Living and Giving

Will You Be On My Shoulder…Or Whispering in My Ear?

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I spoke to my Oma in true candor
Tears came down I strained to hear
As I asked
Will You Be on My Shoulder, or Whispering in My Ear? 

Dearest Oma show me how to carry you forever near

So Stay your spirit with me
Day; day, connecting our shared spiritual soul way

I am graced by your activity example compassion-correspondence
Balanced laughter hard work love life no preponderance

What will the day be without Omie   I cried to you across a line. 
You just spoke to me in the normal, same, loving tones…
darling I will always be with you in every and any time

But where?  Do you promise?

Darling I have heard my own mother speak to me clearly
About treating myself at our once-shared lunch at the St. Francis hotel

When you need me you will feel me fearlessly

I promise
Do you hear?

Messages of “Somebody loves you”
Run through my mind memory
“Guess who?”
Oma I do loveyou

This may be a stream of jumbled unpoetic phrasing
But it embodies truest soulmate grandmother-daughter adoring
My heart pours pure grateful unsparing

Once more where will you be? 

On my shoulder
                                or whispering in my ear?

O darling I will simply be looking over your shoulder…

I wish you continue to live life with the same love, only trust
Love you must –

I am, take you with me in my heart wherever I go
There is no far or near

O Darling, I will simply be looking over your shoulder


March 8, 1999


Dearest Omie, show me how to carry you forever near…what an incredible bestest friend I have in her.

I cried and cried on the phone to her, even though that afternoon I just saw her (She was not  feeling well, and Opa just lost his driver’s license.)  Oh, Omie, I cried; and she was in the calm.  How fortunate for me to be able to love her openly, intensely, so unconditionally.  I wanted to not grieve some day when she is not earthly present,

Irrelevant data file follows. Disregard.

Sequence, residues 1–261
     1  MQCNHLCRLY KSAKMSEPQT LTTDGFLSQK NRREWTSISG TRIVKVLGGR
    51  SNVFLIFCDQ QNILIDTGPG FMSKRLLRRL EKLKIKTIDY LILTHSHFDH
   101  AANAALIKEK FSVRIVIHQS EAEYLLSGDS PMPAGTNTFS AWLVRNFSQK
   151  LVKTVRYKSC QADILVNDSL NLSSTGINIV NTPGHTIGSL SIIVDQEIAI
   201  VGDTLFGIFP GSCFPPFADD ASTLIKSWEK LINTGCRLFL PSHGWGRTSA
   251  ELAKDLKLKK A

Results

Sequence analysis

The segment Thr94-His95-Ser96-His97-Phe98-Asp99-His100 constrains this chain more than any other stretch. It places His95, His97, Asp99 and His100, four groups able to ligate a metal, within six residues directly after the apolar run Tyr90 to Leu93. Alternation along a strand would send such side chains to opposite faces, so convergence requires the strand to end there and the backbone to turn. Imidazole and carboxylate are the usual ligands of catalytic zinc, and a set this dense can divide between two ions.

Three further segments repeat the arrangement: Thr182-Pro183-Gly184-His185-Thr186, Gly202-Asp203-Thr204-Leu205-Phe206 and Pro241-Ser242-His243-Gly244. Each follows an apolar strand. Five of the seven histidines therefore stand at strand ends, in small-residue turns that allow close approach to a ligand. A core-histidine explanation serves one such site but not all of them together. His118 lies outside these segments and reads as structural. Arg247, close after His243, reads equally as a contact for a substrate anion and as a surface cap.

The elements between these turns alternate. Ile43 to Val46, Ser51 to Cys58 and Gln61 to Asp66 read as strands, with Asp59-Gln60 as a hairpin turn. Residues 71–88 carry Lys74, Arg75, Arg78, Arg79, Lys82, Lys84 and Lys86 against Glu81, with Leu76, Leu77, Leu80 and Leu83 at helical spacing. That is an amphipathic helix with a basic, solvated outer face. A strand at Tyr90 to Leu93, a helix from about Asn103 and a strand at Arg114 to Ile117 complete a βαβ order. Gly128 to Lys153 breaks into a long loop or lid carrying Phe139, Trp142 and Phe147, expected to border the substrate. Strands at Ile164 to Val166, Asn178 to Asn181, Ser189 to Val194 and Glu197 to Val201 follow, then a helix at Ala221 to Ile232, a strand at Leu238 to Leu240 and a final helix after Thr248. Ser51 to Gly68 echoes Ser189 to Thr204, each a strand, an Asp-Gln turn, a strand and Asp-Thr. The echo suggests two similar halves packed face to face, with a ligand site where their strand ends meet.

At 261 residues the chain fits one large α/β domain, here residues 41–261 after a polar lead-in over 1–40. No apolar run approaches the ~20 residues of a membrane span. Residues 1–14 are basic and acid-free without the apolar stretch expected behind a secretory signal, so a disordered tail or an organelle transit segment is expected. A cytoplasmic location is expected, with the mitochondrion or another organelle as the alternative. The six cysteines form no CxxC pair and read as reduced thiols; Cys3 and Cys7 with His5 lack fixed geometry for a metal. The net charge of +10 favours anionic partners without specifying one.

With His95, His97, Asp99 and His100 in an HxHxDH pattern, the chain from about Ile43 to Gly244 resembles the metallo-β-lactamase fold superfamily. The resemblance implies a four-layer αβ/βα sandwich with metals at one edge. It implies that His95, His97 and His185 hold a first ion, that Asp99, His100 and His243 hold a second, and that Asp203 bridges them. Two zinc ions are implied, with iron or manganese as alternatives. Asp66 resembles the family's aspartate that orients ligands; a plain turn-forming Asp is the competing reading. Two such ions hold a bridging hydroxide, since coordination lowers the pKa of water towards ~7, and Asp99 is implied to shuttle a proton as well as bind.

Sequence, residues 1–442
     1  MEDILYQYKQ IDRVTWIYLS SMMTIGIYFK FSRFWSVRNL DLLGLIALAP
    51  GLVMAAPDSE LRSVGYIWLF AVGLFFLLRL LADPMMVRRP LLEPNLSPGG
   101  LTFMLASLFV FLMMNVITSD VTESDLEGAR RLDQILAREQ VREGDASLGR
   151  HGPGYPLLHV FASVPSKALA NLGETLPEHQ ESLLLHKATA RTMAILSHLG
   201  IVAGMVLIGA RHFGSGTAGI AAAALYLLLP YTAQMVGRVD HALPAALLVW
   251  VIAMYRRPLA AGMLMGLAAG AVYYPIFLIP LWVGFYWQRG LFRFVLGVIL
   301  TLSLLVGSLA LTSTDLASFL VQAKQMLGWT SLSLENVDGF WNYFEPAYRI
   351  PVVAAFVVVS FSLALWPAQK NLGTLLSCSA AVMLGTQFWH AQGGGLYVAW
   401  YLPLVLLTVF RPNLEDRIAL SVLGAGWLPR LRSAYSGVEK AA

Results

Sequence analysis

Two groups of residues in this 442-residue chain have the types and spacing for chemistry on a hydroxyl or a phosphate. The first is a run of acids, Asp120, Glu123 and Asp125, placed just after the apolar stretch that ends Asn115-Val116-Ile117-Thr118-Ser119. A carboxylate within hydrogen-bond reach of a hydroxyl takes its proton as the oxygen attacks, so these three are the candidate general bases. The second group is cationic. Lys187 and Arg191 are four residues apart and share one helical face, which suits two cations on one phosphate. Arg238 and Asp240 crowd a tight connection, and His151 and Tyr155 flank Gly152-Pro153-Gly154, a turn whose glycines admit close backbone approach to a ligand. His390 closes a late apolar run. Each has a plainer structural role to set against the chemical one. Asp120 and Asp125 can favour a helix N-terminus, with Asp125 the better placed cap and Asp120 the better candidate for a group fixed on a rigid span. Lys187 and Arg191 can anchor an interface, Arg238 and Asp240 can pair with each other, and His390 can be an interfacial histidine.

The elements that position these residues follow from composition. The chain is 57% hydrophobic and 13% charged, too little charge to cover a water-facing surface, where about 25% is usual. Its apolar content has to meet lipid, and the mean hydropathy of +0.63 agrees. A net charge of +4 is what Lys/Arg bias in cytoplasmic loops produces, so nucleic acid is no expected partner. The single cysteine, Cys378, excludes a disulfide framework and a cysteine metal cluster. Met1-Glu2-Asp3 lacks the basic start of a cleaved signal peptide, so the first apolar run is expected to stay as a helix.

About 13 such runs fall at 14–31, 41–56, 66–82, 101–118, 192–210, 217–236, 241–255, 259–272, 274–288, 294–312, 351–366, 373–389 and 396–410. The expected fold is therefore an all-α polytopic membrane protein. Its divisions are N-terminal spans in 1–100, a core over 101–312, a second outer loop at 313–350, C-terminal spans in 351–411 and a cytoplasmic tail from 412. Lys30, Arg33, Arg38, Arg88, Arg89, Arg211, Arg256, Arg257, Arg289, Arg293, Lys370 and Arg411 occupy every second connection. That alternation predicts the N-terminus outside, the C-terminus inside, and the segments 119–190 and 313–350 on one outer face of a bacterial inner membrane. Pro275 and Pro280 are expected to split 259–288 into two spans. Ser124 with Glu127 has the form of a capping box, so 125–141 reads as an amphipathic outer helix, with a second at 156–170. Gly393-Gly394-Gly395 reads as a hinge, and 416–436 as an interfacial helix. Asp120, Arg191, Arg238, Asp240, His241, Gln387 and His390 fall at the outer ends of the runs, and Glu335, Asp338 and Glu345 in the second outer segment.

but instead to get my love and need for my Omie out to her, out to her, so she could share it with me, help me though it, while she is here. 

And she was so calm, and peaceful, and her same self. So standardly calm and strong, telling me, she would be looking over my shoulder…

Oma also told me of Mahetty, her beloved mother, and how they used to go to the St. Francis Hotel for lunch.  And one day in San Francisco, after Mahetty wasn’t here, she was thinking about whether to go to a regular sandwich bar or the St. Francis. 

“Sometimes I have heard Mahetty talking to me, and this was one of those times. 

Mahetty said to me: “Oh Franny, go to the St. Francis!” 

And of course, Oma said this with her joyful vigor and exuberance, a beautiful fist raised midway in the air.  “And on we go,” she’d say to me.   And so I must, with love and trust.

Frances Blaisdell Williams was the first woman woodwind at Julliard School of Music in 1928.  She was a pioneer for women and women flutists all over the world.  Most importantly, she was Pamela Hawley’s grandmother and one of her best friends.